RS: It wiped right off.
DMM: Yes. So the combination of peening plus you don’t get the black sooty **** on it. Well you could get a good coating on very complicated surfaces. But also it was sort of interesting because this black sooty **** would get on the inside of a glass bell jar, and one of the thing we used to do—which you’d get in big trouble for now—we’d have a glass bell jar and we’d tell somebody, ‘We’ve got this black stuff on there; would you wipe it off with this paper towel.’ And they’d get up there and they’d wipe it. And it would be something like fine titanium. As soon as you’d disturb it, it would catch fire. All of a sudden this piece of paper that they were wiping with was on fire and the bell jar would get on fire! It would be a flame front run all around the inside. People would really get upset about it. We thought that was great fun, but I guess we’d get in trouble nowadays. It turns out that when you make these very finely divided particles that they’ll get a very, very thin oxide layer on them and it will be stable; but boy, you disturb it and zoomo. You get an exothermic reaction and it’s gone.
RS: So you contributed to the theory of adhesion between surfaces. You’ve worked on plating and creating these three-dimensional activated depositions. You also invested in a lot of contamination issues. When is clean clean, and when is dirty dirty?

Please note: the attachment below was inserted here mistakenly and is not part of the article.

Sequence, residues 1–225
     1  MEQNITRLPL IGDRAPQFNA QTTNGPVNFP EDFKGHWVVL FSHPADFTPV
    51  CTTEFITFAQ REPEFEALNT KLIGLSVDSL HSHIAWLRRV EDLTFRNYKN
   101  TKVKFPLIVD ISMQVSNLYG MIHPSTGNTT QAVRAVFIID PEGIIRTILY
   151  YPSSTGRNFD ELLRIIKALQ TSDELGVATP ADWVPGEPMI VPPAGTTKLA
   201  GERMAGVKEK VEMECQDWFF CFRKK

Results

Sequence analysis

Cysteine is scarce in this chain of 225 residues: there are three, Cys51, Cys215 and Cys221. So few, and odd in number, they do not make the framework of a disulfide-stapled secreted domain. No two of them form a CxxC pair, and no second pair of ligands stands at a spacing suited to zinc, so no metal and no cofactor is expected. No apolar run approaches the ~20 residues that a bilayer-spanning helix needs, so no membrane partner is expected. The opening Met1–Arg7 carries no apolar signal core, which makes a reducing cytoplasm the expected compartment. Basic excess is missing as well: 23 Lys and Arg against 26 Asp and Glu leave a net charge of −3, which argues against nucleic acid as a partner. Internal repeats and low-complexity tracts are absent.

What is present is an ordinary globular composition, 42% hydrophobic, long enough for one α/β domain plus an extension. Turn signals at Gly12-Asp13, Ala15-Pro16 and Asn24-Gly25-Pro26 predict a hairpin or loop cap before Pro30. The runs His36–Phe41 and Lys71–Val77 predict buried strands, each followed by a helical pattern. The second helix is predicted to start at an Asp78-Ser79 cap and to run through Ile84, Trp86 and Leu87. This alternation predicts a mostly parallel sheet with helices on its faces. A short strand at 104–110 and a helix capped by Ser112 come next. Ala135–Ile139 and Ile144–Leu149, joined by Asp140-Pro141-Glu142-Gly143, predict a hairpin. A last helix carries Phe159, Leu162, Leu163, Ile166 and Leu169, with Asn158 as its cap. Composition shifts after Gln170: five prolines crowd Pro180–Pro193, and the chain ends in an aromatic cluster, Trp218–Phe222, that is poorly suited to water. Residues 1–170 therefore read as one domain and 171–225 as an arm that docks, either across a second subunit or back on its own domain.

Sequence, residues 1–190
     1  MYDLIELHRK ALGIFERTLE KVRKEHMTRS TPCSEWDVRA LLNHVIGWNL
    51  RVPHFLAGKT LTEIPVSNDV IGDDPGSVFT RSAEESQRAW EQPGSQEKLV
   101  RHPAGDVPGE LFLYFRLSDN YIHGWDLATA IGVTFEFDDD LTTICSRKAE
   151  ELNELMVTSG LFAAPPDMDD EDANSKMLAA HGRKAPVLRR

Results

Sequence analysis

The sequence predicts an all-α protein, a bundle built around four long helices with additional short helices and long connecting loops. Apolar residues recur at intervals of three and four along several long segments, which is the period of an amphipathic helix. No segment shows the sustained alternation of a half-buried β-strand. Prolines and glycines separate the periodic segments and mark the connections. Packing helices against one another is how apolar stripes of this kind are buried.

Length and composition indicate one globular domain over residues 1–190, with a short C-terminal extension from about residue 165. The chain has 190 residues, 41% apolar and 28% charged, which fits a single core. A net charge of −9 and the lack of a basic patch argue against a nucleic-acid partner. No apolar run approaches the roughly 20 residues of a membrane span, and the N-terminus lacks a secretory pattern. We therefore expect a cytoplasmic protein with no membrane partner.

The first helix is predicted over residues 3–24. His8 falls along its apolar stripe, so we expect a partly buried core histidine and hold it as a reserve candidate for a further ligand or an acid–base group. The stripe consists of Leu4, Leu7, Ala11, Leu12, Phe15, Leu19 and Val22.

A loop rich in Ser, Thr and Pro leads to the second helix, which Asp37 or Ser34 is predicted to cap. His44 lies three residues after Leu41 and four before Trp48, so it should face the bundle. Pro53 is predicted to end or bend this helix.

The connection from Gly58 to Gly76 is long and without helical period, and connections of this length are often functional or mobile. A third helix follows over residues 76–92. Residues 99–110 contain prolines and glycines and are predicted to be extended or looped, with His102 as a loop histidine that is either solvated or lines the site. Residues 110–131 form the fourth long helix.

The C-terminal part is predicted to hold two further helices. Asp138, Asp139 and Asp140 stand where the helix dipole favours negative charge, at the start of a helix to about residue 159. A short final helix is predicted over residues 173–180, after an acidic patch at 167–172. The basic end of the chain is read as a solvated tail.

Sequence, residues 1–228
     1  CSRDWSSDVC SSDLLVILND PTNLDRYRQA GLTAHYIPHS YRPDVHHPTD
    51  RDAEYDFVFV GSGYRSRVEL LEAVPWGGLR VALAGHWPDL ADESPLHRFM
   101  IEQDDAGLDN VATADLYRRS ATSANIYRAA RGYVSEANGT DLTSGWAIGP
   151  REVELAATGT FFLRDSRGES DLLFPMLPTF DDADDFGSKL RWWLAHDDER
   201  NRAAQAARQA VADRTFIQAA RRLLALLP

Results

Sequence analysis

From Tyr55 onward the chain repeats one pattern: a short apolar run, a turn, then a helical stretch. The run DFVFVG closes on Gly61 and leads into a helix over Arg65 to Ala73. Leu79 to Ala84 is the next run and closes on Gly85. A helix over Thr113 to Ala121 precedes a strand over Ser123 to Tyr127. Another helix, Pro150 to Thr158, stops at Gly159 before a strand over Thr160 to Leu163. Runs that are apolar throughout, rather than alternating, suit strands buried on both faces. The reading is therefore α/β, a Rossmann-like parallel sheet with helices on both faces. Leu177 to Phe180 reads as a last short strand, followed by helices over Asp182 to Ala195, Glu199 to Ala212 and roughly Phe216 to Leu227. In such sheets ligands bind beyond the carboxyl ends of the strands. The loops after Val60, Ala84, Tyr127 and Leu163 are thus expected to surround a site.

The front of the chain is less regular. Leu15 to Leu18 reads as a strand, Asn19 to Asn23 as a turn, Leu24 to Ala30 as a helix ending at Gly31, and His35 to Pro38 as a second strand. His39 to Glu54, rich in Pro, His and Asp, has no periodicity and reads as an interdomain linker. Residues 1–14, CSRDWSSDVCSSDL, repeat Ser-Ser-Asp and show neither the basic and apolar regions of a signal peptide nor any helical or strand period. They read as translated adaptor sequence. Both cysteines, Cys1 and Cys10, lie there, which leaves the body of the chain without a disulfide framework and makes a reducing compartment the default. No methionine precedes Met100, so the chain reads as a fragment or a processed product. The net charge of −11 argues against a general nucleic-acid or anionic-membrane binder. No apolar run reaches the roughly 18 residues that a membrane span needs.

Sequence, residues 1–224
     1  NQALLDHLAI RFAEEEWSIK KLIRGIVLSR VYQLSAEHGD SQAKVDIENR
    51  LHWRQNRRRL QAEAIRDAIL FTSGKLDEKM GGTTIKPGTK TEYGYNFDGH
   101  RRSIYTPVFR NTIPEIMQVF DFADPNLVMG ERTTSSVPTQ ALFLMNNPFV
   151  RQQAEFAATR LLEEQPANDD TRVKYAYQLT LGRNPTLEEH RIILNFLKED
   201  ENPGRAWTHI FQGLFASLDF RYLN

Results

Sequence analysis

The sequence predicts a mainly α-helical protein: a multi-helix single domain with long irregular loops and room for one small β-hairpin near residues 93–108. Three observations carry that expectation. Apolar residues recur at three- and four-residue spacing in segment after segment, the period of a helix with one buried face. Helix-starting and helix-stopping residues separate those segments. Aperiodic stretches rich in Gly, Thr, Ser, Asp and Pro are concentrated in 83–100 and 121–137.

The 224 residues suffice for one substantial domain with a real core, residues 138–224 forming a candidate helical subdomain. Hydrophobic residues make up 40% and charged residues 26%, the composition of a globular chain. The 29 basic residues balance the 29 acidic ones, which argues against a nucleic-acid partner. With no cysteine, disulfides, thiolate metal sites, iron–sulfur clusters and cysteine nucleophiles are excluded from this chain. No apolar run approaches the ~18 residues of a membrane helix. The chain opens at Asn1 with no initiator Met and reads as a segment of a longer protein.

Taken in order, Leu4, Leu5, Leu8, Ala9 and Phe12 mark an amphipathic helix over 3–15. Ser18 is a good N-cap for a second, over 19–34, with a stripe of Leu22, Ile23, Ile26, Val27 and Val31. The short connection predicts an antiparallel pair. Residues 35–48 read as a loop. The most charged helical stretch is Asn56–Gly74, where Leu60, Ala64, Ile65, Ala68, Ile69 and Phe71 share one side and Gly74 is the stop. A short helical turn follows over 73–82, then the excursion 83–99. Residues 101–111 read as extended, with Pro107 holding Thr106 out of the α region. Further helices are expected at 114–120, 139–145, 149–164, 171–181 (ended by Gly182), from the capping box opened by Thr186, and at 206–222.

DMM: Part of my group was always concerned with cleaning and contamination control. For instance, we discovered the UV ozone cleaning technique. And the reason we got into that was that there was a component that has a small quartz vibrating reed in it. And this had to be metallized. The problem was that when they made the reed they glued it to the grinding surface with carnauba wax and then they’d grind it and get it nice and thin and all that. But then we would have this damn reed that was extremely fragile with carnauba wax on it. So you’d put it in solvents and you could get most of this stuff off, but you couldn’t get that last little bit of wax off. So I was again thinking about what we could do. The chemists use what they call a ‘plasma asher,’ which is an oxygen plasma to burn stuff without flame. So I thought, ‘Well, if we generated some ozone—which is highly oxidizing—we could do the same kind of thing. So I went down to the rock and mineral shop and got a black light, the light that they use to make fluorescent minerals glow. So we took this black light and put these reeds on a stainless-steel surface and put them under the black light, and left them there overnight. We came back the next day and all the wax had been oxidized off the surface. We thought that was a pretty neat thing. So we started building these little boxes with a quartz lamp in them of about 12-inch square and sort of serpentine lamp. At first you could buy these lamps for $75 or something. But as soon as the manufacturers realized that there was a market for them, they went up to about $400! But we found we could take a glass slide and we could clean it, then we would put it in this UV ozone cleaner and it would stay clean forever. You could leave it there for a month. Or you could take the black light and just leave it above the surface, and leave it there for days and days, then put a water drop on it and it was still nice and clean. So we started using these for storage of clean parts like glass parts, because now you could clean them and then you had a good way of storing them and all you had to do was open it up, take them out, and put them in the system.